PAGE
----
(Yicai Global) May 10 -- China’s inflation will remain restrained this year, a Yicai Global survey of chief economists showed, despite loose global monetary policy and surging commodity prices.
The consumer price index, a key inflation measure, should stay below 3 percent in 2021, according to the chief economists of 23 major financial institutions in China. They also think gains in the producer price index, an indicator of corporate profitability, are unsustainable. Six of those polled expect the PPI to rise in the second quarter, with the pace of growth gradually slowing thereafter.
The CPI is expected to have increased by an average 0.99 percent in April from a year earlier, up 0.59 percentage point from a 0.4 percent gain in March, with a forecast growth range of between 0.6 percent to 1.5 percent, according to the economists.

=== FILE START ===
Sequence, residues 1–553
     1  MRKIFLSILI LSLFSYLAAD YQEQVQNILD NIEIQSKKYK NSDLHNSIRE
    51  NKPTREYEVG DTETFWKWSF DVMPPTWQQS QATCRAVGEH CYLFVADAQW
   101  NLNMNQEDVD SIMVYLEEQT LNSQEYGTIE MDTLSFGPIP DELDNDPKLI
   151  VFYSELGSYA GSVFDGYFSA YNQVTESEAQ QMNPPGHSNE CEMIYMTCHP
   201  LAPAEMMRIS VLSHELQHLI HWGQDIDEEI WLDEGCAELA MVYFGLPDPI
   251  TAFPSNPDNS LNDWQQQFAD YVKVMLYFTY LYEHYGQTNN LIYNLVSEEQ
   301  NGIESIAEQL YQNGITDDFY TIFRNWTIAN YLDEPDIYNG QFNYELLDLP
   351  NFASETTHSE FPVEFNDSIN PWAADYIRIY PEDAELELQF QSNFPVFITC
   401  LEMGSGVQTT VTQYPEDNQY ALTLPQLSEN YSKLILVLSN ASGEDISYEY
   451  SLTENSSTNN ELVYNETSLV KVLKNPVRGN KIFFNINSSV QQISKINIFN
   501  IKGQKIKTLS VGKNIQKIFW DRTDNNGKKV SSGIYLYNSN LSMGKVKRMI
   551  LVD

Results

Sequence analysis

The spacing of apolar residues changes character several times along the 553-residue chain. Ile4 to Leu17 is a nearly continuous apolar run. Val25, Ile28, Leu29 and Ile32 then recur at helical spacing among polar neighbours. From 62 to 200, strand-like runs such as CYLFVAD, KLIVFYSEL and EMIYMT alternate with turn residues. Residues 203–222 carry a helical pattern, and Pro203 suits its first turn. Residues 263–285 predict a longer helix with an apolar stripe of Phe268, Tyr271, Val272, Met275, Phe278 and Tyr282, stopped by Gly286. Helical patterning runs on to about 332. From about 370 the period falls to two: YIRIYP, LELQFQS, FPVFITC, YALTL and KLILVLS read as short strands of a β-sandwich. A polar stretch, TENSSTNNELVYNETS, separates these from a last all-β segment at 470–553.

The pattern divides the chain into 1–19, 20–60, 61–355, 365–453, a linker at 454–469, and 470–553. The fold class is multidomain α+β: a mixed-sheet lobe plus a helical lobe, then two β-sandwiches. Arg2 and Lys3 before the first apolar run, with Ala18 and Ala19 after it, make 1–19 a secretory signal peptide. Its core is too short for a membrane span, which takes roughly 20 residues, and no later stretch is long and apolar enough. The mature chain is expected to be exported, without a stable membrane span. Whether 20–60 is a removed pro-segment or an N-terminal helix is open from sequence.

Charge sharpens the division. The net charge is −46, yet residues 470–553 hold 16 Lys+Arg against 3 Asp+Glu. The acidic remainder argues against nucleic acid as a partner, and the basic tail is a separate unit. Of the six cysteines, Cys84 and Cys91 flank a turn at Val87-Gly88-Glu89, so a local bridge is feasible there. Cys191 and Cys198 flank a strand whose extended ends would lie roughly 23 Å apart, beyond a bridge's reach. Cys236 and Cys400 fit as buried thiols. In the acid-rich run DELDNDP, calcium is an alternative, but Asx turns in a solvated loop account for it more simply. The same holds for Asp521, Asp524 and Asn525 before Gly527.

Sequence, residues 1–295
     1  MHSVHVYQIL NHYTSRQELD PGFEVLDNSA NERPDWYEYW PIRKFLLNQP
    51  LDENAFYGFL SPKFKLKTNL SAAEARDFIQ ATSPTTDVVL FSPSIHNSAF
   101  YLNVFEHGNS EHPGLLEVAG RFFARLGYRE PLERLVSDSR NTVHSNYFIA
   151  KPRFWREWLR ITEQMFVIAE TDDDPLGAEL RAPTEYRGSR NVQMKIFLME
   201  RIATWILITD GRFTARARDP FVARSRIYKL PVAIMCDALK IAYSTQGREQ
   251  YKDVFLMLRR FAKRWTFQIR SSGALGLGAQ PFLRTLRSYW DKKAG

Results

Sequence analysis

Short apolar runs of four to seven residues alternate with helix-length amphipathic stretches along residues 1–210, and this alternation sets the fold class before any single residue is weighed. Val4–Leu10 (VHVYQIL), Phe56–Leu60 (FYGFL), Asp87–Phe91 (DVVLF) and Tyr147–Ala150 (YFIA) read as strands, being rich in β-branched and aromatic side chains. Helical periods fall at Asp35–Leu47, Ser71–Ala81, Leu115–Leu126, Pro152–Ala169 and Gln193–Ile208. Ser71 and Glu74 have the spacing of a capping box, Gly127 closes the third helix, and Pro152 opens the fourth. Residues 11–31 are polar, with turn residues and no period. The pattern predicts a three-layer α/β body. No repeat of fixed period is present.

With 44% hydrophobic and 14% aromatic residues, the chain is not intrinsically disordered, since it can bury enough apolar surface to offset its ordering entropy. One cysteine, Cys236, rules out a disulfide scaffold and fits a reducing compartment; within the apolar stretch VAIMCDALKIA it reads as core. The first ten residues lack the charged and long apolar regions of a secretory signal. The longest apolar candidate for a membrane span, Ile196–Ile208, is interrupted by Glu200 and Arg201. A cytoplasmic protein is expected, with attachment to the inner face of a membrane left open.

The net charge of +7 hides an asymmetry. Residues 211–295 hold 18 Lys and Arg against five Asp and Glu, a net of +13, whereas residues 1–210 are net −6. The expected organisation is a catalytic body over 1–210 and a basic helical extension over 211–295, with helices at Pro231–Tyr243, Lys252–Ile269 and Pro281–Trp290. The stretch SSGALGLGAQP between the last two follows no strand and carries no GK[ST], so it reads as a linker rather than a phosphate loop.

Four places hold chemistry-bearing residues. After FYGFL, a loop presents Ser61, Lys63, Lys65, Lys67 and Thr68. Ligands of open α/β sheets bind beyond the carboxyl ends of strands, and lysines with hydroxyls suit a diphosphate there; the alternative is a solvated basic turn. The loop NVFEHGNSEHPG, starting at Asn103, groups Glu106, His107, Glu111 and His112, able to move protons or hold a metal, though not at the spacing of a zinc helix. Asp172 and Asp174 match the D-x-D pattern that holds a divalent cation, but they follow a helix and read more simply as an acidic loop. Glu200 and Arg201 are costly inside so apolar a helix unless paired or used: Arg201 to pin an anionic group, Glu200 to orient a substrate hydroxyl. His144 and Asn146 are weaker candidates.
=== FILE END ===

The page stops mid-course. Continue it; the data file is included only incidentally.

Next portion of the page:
The PPI is forecast to have climbed 6.2 percent last month, up from a 4.4 percent increase in March, with a predicted growth range of 4.6 percent to 7 percent.
The National Bureau of Statistics is scheduled to announce the data for April and the first four months of this year tomorrow. It will release other major economic data on May 17.
As the prices of commodities, including copper, tin, iron ore and plastics, have risen to the highest in a decade, the gap between supply and demand is quickly driving up the PPI, according to Wu Ge, chief economist at Changjiang Securities. But the effect of higher raw material costs on downstream industries and the CPI may lag, he said.
Affected by a plunge in pork prices, year-on-year changes to the CPI in four of the five months from October to February were negative, while the CPI returned to year-on-year growth in March. The PPI ended nearly a year of decline in January and began to recover rapidly and continuously, driven by rising commodity prices.
Editors: Tang Shihua, Peter Thomas